Editor’s note: In this post, Namratha Murugeshan, explains Third-Party Funding (TPF) in litigation. The post looks at the pros and cons of allowing TPF given the current set of regulations we have. 


What is Third-Party funding (TPF)?

TPF or litigation financing refers to a model where when a party’s litigation costs are covered by a funder in exchange for a share in the monetary award of a successful suit. Third-party funding can take place in any form of dispute resolution mechanism, with arbitration being the most common forum for such intervention. Off late, TPF in litigation and mediation is gaining traction. TPF is comparable to investments made by hedge funds, investment in shares or any other capital market venture that involves speculation. Third-Party Funders invest in a litigating party’s pursuit of justice after assessing the claim. Generally, commercial matters are deemed to be the appropriate venture for such funding. While there exists restrictions on the involvement of third parties in litigation in terms of the funder’s locus to intervene and control the parties, many major common law jurisdictions are moving towards removing these restrictions on third-party funding for litigation.

This move can be attributed to the benefits that TPF provides with respect to creating a level playing field for litigating parties and the immense scope of such funding in increasing access to justice. Litigation claims, as we know, tend to be prohibitively expensive and allowing for external funding would definitely help litigating parties to pursue their claim by helping them overcome monetary barriers.

Who is a third-party funder?

Third-party funding, apart from working as a specialization, is a part of the portfolio of investment banks, insurance companies and private individuals with resources. The traditional rules of being a player in the capital market apply to third-party funders too. Similar to a capital market venture having ready investible capital is a prerequisite to be a third party funder. Funding can also take place through crowdsourcing. The case of Bar Council of India v.  A K Balaji (2015) iterated the legality of TPF in India. The case held that there was no bar on non-lawyer third parties funding litigation and getting repaid after success in the same. Lawyers are not allowed to fund, as a foreseeable conflict of interest would occur when a lawyer motivated by a sense of profit colludes with the investor; thereby making monetary gains the principal goal instead of the pursuit of justice.  Order XXV, Rule 3 of the Civil Procedure Code, 1908, as amended by a few states makes way for TPF. This, however, is easily preventable with the enactment of a statute that would govern TPF in India. The hope is that such a statute would clearly set out the terms of contracting under TPF, the duties, the obligations of claimants (including counterclaimants), lawyers and funders to avoid a clash of interests and perhaps a model contract for TPF too.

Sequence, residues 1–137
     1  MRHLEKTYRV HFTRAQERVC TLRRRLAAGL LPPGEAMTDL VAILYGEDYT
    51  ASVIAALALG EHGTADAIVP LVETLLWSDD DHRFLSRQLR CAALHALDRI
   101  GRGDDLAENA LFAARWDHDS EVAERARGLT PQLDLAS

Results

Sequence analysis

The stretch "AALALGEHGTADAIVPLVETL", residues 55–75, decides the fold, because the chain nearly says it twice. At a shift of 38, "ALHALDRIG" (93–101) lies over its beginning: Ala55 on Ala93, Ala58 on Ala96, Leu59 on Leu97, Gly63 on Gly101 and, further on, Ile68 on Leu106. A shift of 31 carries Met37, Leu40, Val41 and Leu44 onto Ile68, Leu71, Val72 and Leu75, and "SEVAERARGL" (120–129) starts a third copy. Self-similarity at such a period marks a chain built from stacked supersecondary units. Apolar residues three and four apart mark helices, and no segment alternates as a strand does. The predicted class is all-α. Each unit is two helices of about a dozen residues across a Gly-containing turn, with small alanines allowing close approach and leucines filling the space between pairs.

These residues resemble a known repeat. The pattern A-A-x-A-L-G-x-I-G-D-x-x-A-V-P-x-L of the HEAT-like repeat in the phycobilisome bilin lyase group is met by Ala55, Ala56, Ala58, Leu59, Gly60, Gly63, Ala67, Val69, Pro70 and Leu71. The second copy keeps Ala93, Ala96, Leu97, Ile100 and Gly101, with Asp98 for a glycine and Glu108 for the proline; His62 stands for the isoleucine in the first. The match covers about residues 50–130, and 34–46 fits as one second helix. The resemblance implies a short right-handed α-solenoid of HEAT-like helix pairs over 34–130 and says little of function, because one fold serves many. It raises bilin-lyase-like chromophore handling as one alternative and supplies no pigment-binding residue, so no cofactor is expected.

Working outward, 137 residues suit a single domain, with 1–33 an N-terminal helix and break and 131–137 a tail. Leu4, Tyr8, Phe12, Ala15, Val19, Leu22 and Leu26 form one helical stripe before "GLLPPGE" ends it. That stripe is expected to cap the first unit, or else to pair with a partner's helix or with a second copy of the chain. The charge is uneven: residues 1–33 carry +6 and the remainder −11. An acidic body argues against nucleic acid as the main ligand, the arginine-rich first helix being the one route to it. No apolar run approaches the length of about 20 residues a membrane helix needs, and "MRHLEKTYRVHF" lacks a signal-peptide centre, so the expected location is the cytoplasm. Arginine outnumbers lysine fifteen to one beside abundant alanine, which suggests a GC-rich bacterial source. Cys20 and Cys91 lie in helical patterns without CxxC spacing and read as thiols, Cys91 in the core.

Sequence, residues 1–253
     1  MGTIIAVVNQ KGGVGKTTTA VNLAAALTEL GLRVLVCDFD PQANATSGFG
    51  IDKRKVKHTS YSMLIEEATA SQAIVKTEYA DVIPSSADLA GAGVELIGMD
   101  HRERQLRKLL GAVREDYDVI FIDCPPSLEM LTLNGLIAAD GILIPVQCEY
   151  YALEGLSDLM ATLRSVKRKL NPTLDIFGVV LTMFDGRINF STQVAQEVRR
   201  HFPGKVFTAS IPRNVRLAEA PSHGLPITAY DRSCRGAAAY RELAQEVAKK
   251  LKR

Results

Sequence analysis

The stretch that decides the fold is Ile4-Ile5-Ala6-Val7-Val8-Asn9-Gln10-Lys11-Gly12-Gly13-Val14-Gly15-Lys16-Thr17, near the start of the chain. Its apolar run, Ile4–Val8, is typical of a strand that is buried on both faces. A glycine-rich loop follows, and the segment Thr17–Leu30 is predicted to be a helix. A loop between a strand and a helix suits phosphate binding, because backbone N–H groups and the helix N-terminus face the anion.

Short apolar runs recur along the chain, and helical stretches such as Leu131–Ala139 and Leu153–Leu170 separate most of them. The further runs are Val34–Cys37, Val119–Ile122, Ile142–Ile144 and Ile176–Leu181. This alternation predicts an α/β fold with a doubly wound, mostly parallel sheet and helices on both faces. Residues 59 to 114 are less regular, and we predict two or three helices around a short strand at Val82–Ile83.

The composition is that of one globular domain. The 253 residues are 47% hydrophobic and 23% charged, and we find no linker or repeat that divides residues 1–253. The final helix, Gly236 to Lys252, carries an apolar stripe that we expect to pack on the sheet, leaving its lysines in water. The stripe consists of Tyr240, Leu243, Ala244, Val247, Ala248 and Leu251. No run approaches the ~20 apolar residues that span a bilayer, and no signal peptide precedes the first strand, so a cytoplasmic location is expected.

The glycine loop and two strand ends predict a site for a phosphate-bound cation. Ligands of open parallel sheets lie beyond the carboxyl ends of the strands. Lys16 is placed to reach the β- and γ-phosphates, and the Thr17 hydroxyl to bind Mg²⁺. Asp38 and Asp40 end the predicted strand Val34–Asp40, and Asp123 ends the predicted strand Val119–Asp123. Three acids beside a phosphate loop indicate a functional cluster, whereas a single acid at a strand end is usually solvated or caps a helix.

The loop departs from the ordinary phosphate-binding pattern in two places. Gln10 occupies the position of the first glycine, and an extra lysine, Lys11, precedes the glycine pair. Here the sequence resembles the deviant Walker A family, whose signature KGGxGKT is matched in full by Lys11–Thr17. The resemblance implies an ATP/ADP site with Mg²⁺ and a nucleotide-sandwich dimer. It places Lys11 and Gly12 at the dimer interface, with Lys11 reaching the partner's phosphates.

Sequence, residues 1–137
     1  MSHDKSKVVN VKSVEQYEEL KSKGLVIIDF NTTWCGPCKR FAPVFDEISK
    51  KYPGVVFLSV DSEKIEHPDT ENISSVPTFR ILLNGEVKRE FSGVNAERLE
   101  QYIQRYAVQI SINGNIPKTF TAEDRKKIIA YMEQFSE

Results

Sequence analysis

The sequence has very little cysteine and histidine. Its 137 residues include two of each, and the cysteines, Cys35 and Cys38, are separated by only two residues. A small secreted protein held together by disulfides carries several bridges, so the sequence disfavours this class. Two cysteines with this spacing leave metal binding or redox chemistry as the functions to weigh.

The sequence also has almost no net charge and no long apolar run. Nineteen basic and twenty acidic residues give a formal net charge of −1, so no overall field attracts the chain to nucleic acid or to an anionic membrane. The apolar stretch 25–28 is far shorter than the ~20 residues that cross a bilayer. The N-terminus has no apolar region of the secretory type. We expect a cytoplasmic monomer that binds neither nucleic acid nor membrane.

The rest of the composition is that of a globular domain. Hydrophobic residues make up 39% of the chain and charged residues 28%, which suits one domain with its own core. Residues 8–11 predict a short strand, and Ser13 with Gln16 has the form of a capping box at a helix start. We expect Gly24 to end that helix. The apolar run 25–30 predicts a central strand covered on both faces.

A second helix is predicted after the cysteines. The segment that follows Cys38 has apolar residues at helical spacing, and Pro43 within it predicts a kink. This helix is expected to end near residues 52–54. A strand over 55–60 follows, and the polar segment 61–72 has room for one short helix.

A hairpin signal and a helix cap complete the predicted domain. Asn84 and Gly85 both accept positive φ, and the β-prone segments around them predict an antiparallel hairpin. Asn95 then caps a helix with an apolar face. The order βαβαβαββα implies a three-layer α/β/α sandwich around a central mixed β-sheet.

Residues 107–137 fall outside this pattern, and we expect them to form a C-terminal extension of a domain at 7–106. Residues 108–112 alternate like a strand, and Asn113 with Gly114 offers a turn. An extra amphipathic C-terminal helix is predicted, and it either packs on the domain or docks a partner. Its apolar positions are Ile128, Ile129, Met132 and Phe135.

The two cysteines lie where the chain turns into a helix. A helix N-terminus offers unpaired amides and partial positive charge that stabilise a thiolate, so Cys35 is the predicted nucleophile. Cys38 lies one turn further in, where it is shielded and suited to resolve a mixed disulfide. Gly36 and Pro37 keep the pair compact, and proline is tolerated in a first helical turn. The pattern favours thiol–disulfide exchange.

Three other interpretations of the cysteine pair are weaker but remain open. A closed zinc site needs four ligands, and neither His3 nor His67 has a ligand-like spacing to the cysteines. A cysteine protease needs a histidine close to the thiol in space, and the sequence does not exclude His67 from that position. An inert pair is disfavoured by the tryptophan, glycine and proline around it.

Costs and Coverage